Recognition of the Power of Music in Medicine is Growing
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As a cellist, I have experienced firsthand the restorative powers of music. From middle school through medical school and as a surgeon and a leader of academic medical centers, playing the cello has always brought me joy and comfort. Its benefits have been particularly important to me during the pandemic, as music has served as a source of rejuvenation and resilience.
Beyond its well-known impacts on emotion and spirit, music also has a profound ability to support physical healing. Music therapy has proven effective in helping patients recover from stroke and brain injury and in managing Alzheimer’s and dementia. A 2008 study published in Brain: A Journal of Neurology found that music helped people recovering from a stroke with verbal memory and maintaining focus. It also lessened depression and confusion.
Music is found in every culture, and our ability to create and interpret it is built into our anatomy. The human ear is tuned to the human voice, but its range is much greater. The frequency mothers use to communicate with their babies and the exaggerated tones and rhythms of baby talk are reflected in musical compositions.
For decades, before advances in brain imaging, the medical community saw music therapy's value purely in a support role, to foster relationships, help patients express themselves, promote emotional expression, or improve group sessions. Now, with our growing appreciation of the close link of our mental and physical health, these “softer” benefits are gaining recognition for their true importance.
Therapeutic benefits of music, dance and art
The complex and compelling concoction of melody, harmony, and rhythm activates many parts of the brain, areas that also handle language, memory, perception, cognition, and motor control functions. We use music and dance to treat patients with Parkinson’s disease. The activity provides a trio of benefits: physical activity, social interaction, and mental stimulation. The profound impact of dance is the driving force behind the Stanford Neuroscience Health Center hosting a class led by a professional dancer specially trained in teaching dance for Parkinson’s Disease.
Music therapists working at Stanford Children’s Health see daily how their work helps patients and their families cope with anxiety and stress and manage pain. Yet it may be how music provides comfort, on good days and bad, and even a measure of hope, that is just as important to healing.
This understanding served as a primary influence of Stanford Hospital's design. Multiple studies have shown that art can have positive impacts on blood pressure, anxiety, length of hospital stay, and other outcomes. The one-year-old facility—filled with natural light and original works of art—recognizes the need to heal the body, mind, and spirit together.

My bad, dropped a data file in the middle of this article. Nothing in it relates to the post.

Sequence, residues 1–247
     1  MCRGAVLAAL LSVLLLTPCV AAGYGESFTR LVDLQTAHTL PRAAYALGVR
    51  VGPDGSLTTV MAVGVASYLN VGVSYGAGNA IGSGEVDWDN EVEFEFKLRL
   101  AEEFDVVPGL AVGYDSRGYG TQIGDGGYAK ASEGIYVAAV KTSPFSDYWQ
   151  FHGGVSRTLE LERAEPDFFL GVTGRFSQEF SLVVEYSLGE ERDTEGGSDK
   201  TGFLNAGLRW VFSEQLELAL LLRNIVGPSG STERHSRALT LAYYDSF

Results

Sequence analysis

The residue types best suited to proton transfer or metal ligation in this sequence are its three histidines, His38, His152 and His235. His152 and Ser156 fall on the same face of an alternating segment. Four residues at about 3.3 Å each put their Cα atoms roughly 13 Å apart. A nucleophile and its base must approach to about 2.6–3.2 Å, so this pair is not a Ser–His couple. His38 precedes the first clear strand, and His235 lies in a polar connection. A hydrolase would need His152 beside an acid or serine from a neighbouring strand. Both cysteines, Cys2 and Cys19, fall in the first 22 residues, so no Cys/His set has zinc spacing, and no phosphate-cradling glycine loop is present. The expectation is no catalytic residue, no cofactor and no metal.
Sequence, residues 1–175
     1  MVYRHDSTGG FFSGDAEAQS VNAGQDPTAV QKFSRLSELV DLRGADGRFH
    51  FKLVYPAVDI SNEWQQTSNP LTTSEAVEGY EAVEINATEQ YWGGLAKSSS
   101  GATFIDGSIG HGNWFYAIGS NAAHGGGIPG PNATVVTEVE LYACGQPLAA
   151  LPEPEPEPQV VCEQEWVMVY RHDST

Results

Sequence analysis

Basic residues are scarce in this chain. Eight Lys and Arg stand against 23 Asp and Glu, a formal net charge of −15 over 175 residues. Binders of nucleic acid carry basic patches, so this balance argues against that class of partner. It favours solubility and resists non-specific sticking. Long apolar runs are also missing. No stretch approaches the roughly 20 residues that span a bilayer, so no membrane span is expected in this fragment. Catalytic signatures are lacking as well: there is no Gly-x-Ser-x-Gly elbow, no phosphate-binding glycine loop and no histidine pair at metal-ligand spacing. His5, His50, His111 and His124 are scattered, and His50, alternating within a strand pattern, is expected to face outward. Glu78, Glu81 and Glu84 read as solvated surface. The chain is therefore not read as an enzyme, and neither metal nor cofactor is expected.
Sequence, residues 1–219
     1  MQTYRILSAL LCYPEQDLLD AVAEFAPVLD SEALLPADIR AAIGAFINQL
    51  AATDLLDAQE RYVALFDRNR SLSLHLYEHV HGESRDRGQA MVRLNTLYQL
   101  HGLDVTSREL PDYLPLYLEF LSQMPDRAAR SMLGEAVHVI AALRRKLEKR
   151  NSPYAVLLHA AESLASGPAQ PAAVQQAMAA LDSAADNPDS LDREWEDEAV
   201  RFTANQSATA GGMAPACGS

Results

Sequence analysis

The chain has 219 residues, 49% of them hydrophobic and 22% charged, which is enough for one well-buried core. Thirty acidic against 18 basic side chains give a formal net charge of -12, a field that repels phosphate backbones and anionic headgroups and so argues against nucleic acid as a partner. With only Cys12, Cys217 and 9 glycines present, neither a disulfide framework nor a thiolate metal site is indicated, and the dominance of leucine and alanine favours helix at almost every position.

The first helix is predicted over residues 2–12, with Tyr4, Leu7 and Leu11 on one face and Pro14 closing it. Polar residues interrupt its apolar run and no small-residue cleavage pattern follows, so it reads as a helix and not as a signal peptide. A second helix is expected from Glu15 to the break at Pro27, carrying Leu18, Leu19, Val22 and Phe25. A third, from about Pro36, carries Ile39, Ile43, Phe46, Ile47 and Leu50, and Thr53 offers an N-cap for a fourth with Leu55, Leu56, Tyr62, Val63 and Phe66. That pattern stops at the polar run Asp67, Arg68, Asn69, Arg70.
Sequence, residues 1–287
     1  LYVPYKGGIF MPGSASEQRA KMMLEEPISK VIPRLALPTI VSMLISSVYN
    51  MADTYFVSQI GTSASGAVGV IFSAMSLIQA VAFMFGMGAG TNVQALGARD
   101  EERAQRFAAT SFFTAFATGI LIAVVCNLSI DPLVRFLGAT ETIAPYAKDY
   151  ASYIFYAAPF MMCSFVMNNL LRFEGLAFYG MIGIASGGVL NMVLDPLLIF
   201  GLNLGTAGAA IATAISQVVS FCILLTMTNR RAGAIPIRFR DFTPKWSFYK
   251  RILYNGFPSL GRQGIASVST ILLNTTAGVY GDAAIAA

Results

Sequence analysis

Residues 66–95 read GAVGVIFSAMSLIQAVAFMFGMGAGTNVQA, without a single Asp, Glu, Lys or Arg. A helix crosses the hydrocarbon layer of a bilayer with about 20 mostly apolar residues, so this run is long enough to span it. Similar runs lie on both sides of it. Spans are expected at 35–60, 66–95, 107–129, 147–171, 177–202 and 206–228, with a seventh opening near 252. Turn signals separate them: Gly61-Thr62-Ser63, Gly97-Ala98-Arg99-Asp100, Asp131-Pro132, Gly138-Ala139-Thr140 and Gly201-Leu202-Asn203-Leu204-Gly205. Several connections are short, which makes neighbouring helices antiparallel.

As a physician-scientist and a surgeon, my tendency and training send me to hard data, tests, and imaging. But I've learned over my career the importance of empathy and truly listening to understand what patients are feeling and, ultimately, the best course of action for their care.
Arts and humanities in medical education
Science teaches us the biological workings of the human body and the causes of disease, but the humanities help us make sense of illness and suffering, life and death. The arts enable us to more confidently navigate these waters and approach each patient with empathy and compassion. We must always remember that a disease is not the same as the experience of illness, and a patient is more than an ill person.
In the same vein, a doctor is much more than an expert in human anatomy. We have a number of innovative programs integrating the arts and humanities in medical education. Medicine and the Muse, a program within the Stanford Center for Biomedical Ethics, benefits our entire Stanford Medicine community of clinicians, researchers, staff, and students by helping to restore perspective and bolster resilience in the face of intense stress.
I have particularly appreciated—and enjoyed—another program, our pandemic-inspired virtual Stuck@Home concert series, where members of the Stanford Medicine community came together to perform for each other. The series helped sustain our community by allowing us to connect with colleagues, share talents, and express ourselves. At a recent edition of this monthly concert series, I played the spiritual “Swing Low, Sweet Chariot.” For me, the piece resonates powerfully of hope, and it was my pleasure to share it with my colleagues.
Now, I have a confession to make. I didn’t always adore the cello. When I was 11, I wanted to play the trumpet. My parents thought otherwise. They suggested a string instrument. The school district had a cello to rent, and I’ve been playing ever since.
My parents were right. The cello was the better choice for me. At the time, I didn’t realize how momentous that day was, or that I would be playing the cello 50 years later. In fostering in me a deep love and appreciation for music, the cello has been instrumental in creating the leader I am today.
Lloyd Minor, MD, is the Carl and Elizabeth Naumann dean of the Stanford School of Medicine and a professor of otolaryngology-head and neck surgery. This piece originally appeared on his LinkedIn page and later in Stanford Medicine’s newsletter.
This article is brought to you in partnership with Stanford Medicine.